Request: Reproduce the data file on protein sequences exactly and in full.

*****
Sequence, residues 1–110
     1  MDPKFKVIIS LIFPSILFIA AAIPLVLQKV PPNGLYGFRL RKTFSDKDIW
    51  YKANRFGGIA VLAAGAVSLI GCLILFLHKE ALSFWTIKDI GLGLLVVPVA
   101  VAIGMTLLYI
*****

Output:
Sequence, residues 1–110
     1  MDPKFKVIIS LIFPSILFIA AAIPLVLQKV PPNGLYGFRL RKTFSDKDIW
    51  YKANRFGGIA VLAAGAVSLI GCLILFLHKE ALSFWTIKDI GLGLLVVPVA
   101  VAIGMTLLYI